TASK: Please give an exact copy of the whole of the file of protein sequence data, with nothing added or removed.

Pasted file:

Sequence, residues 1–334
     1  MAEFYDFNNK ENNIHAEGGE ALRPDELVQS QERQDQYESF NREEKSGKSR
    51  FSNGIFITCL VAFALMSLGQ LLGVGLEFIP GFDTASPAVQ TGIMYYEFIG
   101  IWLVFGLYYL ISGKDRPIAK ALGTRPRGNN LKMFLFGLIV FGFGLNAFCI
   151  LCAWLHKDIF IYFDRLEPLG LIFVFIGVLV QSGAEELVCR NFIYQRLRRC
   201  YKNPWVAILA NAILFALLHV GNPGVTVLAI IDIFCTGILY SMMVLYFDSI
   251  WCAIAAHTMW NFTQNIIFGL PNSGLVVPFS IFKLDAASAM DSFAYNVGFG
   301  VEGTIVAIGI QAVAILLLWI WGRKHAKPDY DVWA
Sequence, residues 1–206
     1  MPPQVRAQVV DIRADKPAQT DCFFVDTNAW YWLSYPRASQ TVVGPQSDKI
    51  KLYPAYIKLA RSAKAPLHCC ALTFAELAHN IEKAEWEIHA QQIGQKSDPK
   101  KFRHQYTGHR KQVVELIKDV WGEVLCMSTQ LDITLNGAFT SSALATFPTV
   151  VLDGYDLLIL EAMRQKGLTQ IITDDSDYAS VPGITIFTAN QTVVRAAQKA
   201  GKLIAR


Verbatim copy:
Sequence, residues 1–334
     1  MAEFYDFNNK ENNIHAEGGE ALRPDELVQS QERQDQYESF NREEKSGKSR
    51  FSNGIFITCL VAFALMSLGQ LLGVGLEFIP GFDTASPAVQ TGIMYYEFIG
   101  IWLVFGLYYL ISGKDRPIAK ALGTRPRGNN LKMFLFGLIV FGFGLNAFCI
   151  LCAWLHKDIF IYFDRLEPLG LIFVFIGVLV QSGAEELVCR NFIYQRLRRC
   201  YKNPWVAILA NAILFALLHV GNPGVTVLAI IDIFCTGILY SMMVLYFDSI
   251  WCAIAAHTMW NFTQNIIFGL PNSGLVVPFS IFKLDAASAM DSFAYNVGFG
   301  VEGTIVAIGI QAVAILLLWI WGRKHAKPDY DVWA
Sequence, residues 1–206
     1  MPPQVRAQVV DIRADKPAQT DCFFVDTNAW YWLSYPRASQ TVVGPQSDKI
    51  KLYPAYIKLA RSAKAPLHCC ALTFAELAHN IEKAEWEIHA QQIGQKSDPK
   101  KFRHQYTGHR KQVVELIKDV WGEVLCMSTQ LDITLNGAFT SSALATFPTV
   151  VLDGYDLLIL EAMRQKGLTQ IITDDSDYAS VPGITIFTAN QTVVRAAQKA
   201  GKLIAR